On Tuesday, 2 days into his 3 and a half year tenure, the new FAO DG, Graziano da Silva, held his first press conference. The 10 minute presentation was a restatement of the 5 pillars upon which the DG ran as a candidate: end hunger; move towards more sustainable systems of food production and consumption; achieve greater fairness in the global management of food; complete FAO's reform and decentralization; and expand South-South cooperation and other partnerships.
Much more interesting was the 45 minute Q and A session with the press. Both of these sections of the press conference are available as audiofiles at the link above.
What did we learn?
1. Political Will will have a high priority. When asked by an African newspaper what was the one thing that needed to happen to end hunger in Africa, the DG said build political will and then translate that into concrete action at the technical, financial and support levels. It is refreshing to hear the political coming before the technical and not as an afterthought. Concrete tools and measures need to be developed to assess, spur and build political will for hunger reduction and FAO should lead on this.
2. A whole of society approach is needed. It is not just FAO and not just governments that have the responsibility for ending hunger, a whole of society approach is required: civil society, the private sector. This is great, but someone needs to take responsibility and be accountable. Orchestras still need conductors. FAO should focus on accountability and transparency in the food system.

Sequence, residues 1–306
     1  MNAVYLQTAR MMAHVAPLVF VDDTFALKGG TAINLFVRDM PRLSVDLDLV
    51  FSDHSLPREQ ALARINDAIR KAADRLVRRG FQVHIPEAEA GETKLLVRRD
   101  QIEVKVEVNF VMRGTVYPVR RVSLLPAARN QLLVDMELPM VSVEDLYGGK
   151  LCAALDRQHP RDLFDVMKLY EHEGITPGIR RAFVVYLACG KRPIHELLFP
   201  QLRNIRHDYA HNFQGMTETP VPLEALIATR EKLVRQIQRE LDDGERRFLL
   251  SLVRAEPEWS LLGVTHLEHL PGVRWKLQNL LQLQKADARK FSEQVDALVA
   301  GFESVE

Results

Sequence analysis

3. "Nobody Eats at the Global Level". FAO decentralisation and getting closer to the ground is going to be a feature of the new DG's tenure. Quite what this means for a normative organisation is not clear, but the recognition that solutions to hunger need to be found on a nation by nation, community by community basis is clear. There is no blueprint, adaptation to existing capacities and political processes is important. It is clear that the DG will draw heavily on his Brazilian experiences in this and other areas. The South-South sharing of experiences will be particulalry important here. It would be good for FAO to set up the world's best learning hub on what works in ending hunger.
4. The DG is serious about completing the FAO Reform process. In response to a question about FAO expenses and benefits da Silva was clear that he would be looking for savings throughout the organisation, cutting inefficiency and reducing bureaucracy, including in his own office. Good, but don't do this in a mechanistic way.
5. FAO will become more open. Putting the press Q and A out in an unedited audiofile was brave for a UN organisation and indeed for any big bureaucracy. I very much hope this openness lasts beyond the honeymoon period.
A good start for the new DG.